Once people got past their shock and realized that Arya was 18 (and Maisie Williams is 22), they started realizing that her pre-battle tryst with Gendry – on her own terms – helped humanize a character who had become awfully dark.
I’m glad it was Arya who killed the Night King. She studied and trained and practiced to become a solo assassin, and when the situation called for stealth she was ready. Then when the Hound said “come with me and die” and the camera paused, I asked “who’s it going to be, Arya the Assassin or Arya the Survivor?”
It was Arya the Survivor.
What was she going to do now that the fighting is over and the List that kept her going is no longer relevant? We already know she’s not cut out to be a Lady at court. For a moment I thought she might become the first woman in the Night’s Watch, but she’s not cut out for the discipline of soldiering either.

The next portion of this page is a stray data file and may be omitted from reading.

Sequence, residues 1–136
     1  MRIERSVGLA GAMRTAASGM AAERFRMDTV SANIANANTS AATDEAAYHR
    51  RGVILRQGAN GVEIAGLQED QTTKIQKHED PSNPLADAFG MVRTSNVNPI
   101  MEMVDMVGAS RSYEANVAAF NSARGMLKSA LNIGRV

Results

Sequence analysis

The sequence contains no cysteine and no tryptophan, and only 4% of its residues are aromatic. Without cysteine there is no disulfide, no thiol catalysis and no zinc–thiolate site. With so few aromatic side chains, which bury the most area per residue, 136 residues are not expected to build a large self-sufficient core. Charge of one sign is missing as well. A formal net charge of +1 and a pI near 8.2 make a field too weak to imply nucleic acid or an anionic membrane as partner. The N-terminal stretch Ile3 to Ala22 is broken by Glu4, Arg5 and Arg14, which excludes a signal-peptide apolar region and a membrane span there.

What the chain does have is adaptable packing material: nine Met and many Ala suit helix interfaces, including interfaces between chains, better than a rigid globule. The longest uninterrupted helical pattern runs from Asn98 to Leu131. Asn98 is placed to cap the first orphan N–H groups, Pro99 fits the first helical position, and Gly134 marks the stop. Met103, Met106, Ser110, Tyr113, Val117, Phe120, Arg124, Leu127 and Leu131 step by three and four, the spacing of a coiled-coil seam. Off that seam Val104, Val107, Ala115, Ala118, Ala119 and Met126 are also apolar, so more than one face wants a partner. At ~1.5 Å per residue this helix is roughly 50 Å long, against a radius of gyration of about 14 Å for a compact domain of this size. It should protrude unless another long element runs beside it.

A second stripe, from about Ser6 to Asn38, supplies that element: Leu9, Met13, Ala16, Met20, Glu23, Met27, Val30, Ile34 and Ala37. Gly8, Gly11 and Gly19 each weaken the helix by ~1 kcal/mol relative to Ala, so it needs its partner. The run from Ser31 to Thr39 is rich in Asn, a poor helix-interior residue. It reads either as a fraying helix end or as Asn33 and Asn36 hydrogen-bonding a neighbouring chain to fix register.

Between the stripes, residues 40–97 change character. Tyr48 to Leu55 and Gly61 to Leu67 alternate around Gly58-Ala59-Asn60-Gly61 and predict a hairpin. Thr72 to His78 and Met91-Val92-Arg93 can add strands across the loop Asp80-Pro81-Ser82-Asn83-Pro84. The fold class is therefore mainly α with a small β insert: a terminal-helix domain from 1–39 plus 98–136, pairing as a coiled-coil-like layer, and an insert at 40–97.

So now she’s Arya the Explorer and she’s going “west of Westeros.” That gives her what she wanted most – freedom.
Arya has always been my favorite character. I’m glad things ended well for her.
The Old Gods and the New
I’ve started blog posts on religion in Game of Thrones several times over the years and never got very far with any of them. Religion was always present in the series, but other than the story arc with the High Sparrow in Seasons 5 and 6 – which was pretty much the only time anybody cheered for Cersei – religion was mostly set decoration.
Except for the thread with the Lord of Light and his priestess Melisandre. She may have been tragically wrong when it came to sacrificing the princess Shireen, but she had enough “juice” to produce a shadow child and to bring Jon Snow back from the dead. And while she didn’t exactly save the day at the Battle of Winterfell, her Lord sent her back at a critical time and she contributed to the victory.